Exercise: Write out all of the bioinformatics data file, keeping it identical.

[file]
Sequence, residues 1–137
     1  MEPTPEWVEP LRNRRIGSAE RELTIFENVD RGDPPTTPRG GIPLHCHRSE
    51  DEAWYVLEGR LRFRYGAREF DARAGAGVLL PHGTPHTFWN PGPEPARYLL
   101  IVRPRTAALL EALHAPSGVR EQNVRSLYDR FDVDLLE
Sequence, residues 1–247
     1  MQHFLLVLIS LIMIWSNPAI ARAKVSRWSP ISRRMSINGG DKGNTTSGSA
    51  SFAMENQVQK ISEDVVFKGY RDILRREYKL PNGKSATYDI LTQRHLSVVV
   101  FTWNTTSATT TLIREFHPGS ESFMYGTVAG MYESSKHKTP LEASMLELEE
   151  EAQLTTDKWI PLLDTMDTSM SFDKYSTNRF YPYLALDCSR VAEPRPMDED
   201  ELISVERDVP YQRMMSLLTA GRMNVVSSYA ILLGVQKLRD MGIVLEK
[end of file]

Sequence, residues 1–137
     1  MEPTPEWVEP LRNRRIGSAE RELTIFENVD RGDPPTTPRG GIPLHCHRSE
    51  DEAWYVLEGR LRFRYGAREF DARAGAGVLL PHGTPHTFWN PGPEPARYLL
   101  IVRPRTAALL EALHAPSGVR EQNVRSLYDR FDVDLLE
Sequence, residues 1–247
     1  MQHFLLVLIS LIMIWSNPAI ARAKVSRWSP ISRRMSINGG DKGNTTSGSA
    51  SFAMENQVQK ISEDVVFKGY RDILRREYKL PNGKSATYDI LTQRHLSVVV
   101  FTWNTTSATT TLIREFHPGS ESFMYGTVAG MYESSKHKTP LEASMLELEE
   151  EAQLTTDKWI PLLDTMDTSM SFDKYSTNRF YPYLALDCSR VAEPRPMDED
   201  ELISVERDVP YQRMMSLLTA GRMNVVSSYA ILLGVQKLRD MGIVLEK